There are clever phrases in the memoir, as when the narrator says of her lover, “His face turns attractive when he talks;” I like the strange word choice, as if the head is physically turning, or as if he has two, or multiple, faces. A few moments are archaic—the man describes a friend or rival coming over as “This dope” (emphasis in original), which hasn’t been currently slang in decades and stands out in a book that otherwise stands out for not being part of any particular time. The prose holds up, and the narrator has an eye for tedious rituals, as when she tells of a “statistical tale,” where the contrast of statistics and narrative stands out:

In the middle of the statistical tale he’s requested from me—brothers and sisters and parents and grandparents, hometown, schools, jobs—I stop and close my eyes . . . please, I think, inarticulate even in my own mind, unable to turn to him and make the first move, please . . .

There’s a pervasive fear of dullness running through the memoir. The narrator notes that she and her lover looked like “An attractive, well-educated couple in New York City, average, middle-class, civilized.” That contrasts with what came before and will come after. Or does it? The memoir teases us by making us wonder if the the narrator isn’t so unusual as public discourse would make her out to be. I think the story’s flatness, the unwillingness to engage in direct commentary on what’s happening, points us in this direction, as when the narrator says, “I am standing, nearly on tiptoes, across the room from him, my arms raised above my head. My hands are tied to the hook on the wall on which his one large painting hangs during the day.” She’s hung like a painting and enjoys it. There is no further morality or analysis. Sixty Minutes plays in the background, a reminder of the middle America the narrator feels like she’s leaving behind even when she imagines it as a foil to her own actions.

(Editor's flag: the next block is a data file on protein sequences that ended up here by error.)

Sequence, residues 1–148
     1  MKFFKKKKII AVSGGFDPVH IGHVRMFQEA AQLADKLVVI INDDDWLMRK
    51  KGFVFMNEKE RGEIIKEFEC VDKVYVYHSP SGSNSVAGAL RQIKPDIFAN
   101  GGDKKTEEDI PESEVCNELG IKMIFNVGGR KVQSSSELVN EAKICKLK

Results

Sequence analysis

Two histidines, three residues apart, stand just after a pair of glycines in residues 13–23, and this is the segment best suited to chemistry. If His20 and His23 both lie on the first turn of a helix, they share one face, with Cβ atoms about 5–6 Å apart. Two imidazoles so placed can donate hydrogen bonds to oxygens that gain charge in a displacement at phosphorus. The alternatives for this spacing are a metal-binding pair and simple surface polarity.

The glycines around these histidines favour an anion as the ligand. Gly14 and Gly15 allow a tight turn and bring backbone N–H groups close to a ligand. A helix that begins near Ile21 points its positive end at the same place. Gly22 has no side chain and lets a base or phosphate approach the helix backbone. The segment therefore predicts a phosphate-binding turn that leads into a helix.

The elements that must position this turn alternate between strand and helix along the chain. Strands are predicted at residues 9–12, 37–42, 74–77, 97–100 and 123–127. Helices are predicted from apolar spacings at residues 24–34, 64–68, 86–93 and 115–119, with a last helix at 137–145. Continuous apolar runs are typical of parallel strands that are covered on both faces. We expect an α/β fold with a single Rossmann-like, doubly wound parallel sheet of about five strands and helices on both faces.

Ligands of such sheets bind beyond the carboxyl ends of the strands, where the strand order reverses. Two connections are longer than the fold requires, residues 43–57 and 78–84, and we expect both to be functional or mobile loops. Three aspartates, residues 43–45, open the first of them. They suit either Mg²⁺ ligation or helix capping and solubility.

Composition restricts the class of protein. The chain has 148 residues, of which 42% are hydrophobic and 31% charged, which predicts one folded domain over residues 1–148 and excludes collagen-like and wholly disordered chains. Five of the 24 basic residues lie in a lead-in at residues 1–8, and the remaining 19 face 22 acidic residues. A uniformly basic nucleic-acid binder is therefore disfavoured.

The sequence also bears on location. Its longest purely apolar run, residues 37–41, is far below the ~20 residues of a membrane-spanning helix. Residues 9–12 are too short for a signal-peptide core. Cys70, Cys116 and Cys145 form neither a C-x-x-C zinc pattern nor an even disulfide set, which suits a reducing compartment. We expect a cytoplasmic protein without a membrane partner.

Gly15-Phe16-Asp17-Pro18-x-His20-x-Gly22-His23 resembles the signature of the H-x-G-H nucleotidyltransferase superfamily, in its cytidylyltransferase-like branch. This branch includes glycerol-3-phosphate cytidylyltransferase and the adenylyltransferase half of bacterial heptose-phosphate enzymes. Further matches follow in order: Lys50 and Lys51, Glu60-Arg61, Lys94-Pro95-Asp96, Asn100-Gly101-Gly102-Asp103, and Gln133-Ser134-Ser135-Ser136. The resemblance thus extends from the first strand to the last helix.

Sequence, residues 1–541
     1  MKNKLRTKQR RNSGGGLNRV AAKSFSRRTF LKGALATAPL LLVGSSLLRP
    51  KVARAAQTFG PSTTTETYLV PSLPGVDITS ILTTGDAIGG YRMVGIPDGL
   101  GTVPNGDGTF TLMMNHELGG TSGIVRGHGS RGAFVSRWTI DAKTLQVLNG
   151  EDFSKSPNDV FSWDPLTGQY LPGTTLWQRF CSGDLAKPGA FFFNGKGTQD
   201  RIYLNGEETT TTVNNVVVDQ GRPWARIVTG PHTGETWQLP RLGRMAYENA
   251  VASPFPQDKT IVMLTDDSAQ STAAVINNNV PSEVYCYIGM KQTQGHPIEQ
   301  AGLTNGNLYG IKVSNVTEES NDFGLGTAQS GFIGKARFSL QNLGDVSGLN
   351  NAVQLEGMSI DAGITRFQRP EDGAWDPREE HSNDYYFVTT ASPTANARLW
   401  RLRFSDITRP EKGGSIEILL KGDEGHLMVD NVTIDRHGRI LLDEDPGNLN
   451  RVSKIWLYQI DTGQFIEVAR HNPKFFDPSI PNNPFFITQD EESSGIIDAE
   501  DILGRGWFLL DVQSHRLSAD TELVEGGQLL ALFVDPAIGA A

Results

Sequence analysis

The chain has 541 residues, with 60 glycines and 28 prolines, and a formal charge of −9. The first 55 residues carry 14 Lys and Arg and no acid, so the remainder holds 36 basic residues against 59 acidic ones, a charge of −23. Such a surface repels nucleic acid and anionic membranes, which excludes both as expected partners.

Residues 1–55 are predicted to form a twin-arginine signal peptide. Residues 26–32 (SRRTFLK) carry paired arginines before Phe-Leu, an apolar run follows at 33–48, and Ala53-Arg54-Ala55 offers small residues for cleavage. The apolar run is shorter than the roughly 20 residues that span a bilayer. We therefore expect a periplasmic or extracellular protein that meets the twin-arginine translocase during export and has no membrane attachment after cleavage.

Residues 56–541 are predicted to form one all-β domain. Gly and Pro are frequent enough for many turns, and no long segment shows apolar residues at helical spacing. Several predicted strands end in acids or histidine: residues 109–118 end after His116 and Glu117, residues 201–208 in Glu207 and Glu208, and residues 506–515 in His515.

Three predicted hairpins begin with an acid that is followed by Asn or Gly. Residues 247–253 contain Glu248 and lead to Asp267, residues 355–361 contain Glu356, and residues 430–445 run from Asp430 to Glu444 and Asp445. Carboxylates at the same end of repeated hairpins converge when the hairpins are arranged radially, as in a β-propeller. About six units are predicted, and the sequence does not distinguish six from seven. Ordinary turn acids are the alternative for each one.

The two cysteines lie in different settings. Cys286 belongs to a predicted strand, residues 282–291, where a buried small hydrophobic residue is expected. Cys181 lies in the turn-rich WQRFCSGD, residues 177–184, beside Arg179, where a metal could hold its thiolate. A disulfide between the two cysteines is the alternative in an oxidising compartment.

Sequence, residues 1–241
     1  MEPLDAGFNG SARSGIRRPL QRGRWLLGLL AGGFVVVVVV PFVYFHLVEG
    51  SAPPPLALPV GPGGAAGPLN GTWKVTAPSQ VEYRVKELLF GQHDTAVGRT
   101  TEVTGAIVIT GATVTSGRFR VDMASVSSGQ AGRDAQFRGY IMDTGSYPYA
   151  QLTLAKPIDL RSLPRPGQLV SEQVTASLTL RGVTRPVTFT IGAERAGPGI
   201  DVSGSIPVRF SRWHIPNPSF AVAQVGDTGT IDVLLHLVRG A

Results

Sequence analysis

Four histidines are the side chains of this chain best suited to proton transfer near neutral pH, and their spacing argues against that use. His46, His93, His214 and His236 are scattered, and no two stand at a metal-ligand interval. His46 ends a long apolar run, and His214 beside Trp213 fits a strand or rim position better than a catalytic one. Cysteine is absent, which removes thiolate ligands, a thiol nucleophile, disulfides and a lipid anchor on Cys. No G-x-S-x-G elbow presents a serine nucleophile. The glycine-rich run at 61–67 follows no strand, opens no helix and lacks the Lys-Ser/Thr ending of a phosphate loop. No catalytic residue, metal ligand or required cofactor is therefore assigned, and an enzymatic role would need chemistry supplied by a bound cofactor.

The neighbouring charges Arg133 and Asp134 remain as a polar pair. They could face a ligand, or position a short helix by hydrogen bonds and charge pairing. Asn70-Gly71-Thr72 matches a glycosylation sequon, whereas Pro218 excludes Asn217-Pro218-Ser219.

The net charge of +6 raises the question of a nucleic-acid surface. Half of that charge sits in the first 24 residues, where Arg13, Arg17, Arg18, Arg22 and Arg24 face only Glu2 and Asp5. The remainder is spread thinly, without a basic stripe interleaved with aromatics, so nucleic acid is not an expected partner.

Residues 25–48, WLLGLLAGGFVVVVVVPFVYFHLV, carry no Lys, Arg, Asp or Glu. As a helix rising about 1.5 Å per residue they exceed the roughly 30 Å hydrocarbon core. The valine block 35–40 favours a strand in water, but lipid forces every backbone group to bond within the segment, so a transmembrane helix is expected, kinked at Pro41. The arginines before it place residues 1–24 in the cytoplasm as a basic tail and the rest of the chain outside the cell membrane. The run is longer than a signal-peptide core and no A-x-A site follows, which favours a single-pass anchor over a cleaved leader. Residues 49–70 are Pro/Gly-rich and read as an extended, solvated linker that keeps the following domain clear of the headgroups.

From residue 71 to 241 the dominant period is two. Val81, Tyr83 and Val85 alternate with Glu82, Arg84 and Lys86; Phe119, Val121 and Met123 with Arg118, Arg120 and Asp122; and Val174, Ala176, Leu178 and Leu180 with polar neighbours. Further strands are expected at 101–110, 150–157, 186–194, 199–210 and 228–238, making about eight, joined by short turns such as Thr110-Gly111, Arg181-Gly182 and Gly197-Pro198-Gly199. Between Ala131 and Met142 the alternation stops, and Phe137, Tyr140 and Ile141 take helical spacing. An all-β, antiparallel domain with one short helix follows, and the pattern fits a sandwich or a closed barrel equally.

Images repeat through the memoir. Scarves reappear. The words “like” and “love” are reconfigured like body parts. One senses Nabokovian echoes in the prose that one distantly hears on the first read but can’t make out. The narrator also feels her internal sense of self discombobulating, like a washing machine that shakes itself apart from within. She knows this is happening and imagines the reactions of otherwise course, until she writes of her experience.